CNN is running a couple of “opposing voices” on the subject of 2nd Amendement rights as exclusives on their web site. One is by Tom Plate, “former editor of the editorial pages at the Los Angeles Times and currently a professor of communication and policy studies at UCLA.”
The other is by Ted Nugent. “Rock guitarist Ted Nugent has sold more than 30 million albums. He’s also a gun rights activist and serves on the board of directors of the National Rifle Association.”
If you knew nothing about Ted, you could guess which side he’s on by reading through a short list of his album titles: Dog Eat Dog, Weekend Warriors, Free-for-All, Penetrator, and one would be remiss if one failed to mention If You Can’t Lick’Em…Lick ‘Em.
Tom Plate makes a reasonable argument that suggests that reducing the number of firearms in America would reduce the number of gun crimes in America:
When the great pop composer and legendary member of the Beatles John Lennon was shot in 1980 in New York, many in the foreign press tabbed it a war on celebrities. Now, some in the media will declare a war on students or some-such. This is all misplaced. The correct target of our concern needs to be guns. America has more than it can possibly handle. How many can our society handle? My opinion is: as close to zero as possible.
He then relates a personal anecdote about being robbed (only a month ago) and the feeling of dread he felt as his attacker aimed a weapon with a laser sight at his head. That’s the “red dot” I reference in the title.
How did he react?
Because I’m anything but a James Bond type, I quickly complied with all of his requests. Perhaps because of my rapid response (it is called surrender), he chose not to shoot me; but he just as easily could have. What was to stop him?
This occurred in Beverly Hills, a low-crime area dotted with upscale boutiques, restaurants and businesses — a city best known perhaps for its glamour and celebrity sightings.
Basically the only thing I saw or can remember was the gun, with the red dot, pointed right at my head.
A near-death experience does focus the mind. We need to get rid of our guns.
Ted Nugent first offers us anecdote after anecdote (five in all) of “good citizens” who either a)went and got or b) pulled their legally owned weapons and took down someone engaged in a gun crime.
Ted thinks that any attempt to limit of his constitutional, nay, “God-given” right to carry heat is an offense that borders on the ludicrous:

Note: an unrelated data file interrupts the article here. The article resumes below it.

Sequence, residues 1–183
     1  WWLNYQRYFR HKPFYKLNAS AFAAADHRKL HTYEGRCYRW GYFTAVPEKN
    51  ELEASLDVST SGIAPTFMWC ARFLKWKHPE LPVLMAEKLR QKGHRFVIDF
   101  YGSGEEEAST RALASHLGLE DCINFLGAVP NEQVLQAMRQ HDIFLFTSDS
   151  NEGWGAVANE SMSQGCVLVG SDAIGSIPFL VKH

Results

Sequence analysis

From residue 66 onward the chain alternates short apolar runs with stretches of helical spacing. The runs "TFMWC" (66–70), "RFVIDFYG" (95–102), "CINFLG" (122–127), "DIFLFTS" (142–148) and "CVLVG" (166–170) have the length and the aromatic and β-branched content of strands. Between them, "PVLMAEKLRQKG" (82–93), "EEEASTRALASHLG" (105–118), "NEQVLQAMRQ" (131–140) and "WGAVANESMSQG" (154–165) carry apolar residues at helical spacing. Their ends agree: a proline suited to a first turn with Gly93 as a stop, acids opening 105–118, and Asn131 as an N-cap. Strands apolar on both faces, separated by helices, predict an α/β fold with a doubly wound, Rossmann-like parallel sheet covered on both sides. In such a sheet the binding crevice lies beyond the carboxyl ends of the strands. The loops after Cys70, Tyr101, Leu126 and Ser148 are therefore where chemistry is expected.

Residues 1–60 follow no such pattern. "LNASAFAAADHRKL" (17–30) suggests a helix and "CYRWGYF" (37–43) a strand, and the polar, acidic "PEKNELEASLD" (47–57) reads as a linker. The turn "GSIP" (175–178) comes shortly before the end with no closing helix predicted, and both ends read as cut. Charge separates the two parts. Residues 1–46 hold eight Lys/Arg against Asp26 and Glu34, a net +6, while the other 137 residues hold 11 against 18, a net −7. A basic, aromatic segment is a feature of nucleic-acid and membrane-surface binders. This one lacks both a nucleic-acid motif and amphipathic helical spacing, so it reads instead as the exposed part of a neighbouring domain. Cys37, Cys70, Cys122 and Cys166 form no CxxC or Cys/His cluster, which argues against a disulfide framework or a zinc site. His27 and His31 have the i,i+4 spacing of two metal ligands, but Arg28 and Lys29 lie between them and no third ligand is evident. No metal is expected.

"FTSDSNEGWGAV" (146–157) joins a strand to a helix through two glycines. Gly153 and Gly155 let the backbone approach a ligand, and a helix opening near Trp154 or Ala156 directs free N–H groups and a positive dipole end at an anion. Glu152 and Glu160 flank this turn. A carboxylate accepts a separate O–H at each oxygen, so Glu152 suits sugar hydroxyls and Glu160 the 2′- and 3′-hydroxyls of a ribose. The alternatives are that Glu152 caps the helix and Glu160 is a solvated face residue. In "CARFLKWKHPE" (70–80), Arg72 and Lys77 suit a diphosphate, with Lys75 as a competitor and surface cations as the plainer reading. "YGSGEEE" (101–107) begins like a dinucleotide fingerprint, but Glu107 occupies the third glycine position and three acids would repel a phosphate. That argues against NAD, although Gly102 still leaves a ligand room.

Thirty-two people dead on a U.S. college campus pursuing their American Dream, mowed-down over an extended period of time by a lone, non-American gunman in possession of a firearm on campus in defiance of a zero-tolerance gun ban. Feel better yet? Didn’t think so.
Who doesn’t get this? Who has the audacity to demand unarmed helplessness? Who likes dead good guys?
I’ll tell you who. People who tramp on the Second Amendment, that’s who. People who refuse to accept the self-evident truth that free people have the God-given right to keep and bear arms, to defend themselves and their loved ones. People who are so desperate in their drive to control others, so mindless in their denial that they pretend access to gas causes arson, Ryder trucks and fertilizer cause terrorism, water causes drowning, forks and spoons cause obesity, dialing 911 will somehow save your life, and that their greedy clamoring to “feel good” is more important than admitting that armed citizens are much better equipped to stop evil than unarmed, helpless ones.
Most of what Ted says, of course, is either arguing the point, ad hominem attacks on his opponents, or appeals to emotion. In a rhetorical match, Plate would win because his argument is sounder.
But I’d be willing to bet that for most Americans, Nugent’s rant appeals more. We’re a nation addicted to what Aldous Huxley called “the feelies.” And right now, in the wake of Monday’s tragedy at Virginia Tech, what Jean Shepherd would call an “oiled, cold steel beauty” would feel really comforting to most folks. Our “Cat Scratch Fever” might make us all want to give the bad guys red dots….
Categories: American Culture